1. Move metrics functions to a Metrics class and enlist the use pandas.DataFrame.apply method.
  2. Remove the repeat calls to pandas.DataFrame.groupby, with a generate_metrics function, using Python’s built in getattr function.
  3. Create a metrics config file, which is passed to our generate_metricsfunction, with the meta-data required to generate our metrics.

💡Check out SOLID design principles here.

🧑‍🎓 Metrics Class

By shifting our metrics to a class, we can isolate the metrics, and build unit tests for each metric. By using the Pandas.DataFrame.apply method, we can add personalized metrics, and leverage other python packages that are not included in Pandas.

Following the open-close principle, if we wanted to add metrics we would create a new class that inherits our class Metrics.

📂 Config File

The config file has a list of metrics for each table we want to generate. If we want to add or remove metrics or change naming etc, we simply change the config file. This way we are not editing our codebase itself.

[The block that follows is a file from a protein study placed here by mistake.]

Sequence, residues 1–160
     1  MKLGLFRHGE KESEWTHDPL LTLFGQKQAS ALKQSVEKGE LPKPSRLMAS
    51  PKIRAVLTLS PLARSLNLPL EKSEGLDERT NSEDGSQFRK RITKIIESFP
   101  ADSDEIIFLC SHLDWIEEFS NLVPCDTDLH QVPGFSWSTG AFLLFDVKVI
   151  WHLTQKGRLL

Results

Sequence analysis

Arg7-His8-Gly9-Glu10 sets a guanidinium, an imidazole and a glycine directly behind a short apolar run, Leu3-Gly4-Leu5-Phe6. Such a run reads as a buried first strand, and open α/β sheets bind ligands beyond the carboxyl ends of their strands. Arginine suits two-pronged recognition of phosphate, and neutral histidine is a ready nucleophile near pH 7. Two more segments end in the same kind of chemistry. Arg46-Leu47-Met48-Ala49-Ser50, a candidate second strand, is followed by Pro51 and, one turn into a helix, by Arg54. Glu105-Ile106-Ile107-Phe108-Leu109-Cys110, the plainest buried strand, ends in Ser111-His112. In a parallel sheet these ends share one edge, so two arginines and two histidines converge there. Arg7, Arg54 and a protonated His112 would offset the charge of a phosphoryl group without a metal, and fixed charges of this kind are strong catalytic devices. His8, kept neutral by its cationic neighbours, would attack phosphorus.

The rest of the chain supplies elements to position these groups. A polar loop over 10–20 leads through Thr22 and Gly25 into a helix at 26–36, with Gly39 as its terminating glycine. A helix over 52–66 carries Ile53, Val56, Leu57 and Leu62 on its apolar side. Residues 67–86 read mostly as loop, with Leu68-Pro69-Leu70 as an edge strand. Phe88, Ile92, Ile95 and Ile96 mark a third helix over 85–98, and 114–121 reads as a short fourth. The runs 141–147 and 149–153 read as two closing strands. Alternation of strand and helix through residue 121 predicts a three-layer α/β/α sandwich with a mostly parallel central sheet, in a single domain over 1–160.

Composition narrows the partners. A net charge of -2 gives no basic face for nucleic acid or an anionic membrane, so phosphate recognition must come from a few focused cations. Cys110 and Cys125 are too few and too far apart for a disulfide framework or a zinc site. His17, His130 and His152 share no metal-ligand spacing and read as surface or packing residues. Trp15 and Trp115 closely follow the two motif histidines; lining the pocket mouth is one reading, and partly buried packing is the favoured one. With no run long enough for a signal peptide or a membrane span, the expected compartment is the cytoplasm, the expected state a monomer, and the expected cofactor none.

⚙️ Generate Metrics Functions

This function takes in our Unicorn data, an instance of our Metrics class, and our metrics config, and returns a metrics dataframe.


  1. Uses getattr to create a pandas.DataFrame.groupby.apply object
  2. Uses getattr to create a Metrics class method object (e.g. Metrics.count)
  3. Calls the pandas.DataFrame.groupby.apply object passing the Metrics method object

🪄 Refactored Pipeline

Finally, we arrive at our refactored pipeline. We can easily add metrics to existing tables by defining new metrics classes and adding them to our config file.

✅ 🔀 Benefits and Tradeoffs


  • Code is modular and more manageable for scaling up our metrics.
  • A config file gives us more flexibility to add and takeout metrics without touching co
  • Easier to test the functionality of our code as it has been isolated.


  • More code to maintain for a small pipeline.
  • The readability of our code has been reduced.
  • Harder to debug for a small pipeline.

📚 Resources

🐍 Codebase found here.

📊 Kaggle Unicorn Companies dataset found here.

Third-party libraries:

  • pandas.DataFrame.explode
  • pandas.DataFrame.groupby
  • pandas.DataFrame.reset_index
  • pandas.merge
  • Python’s built in getattr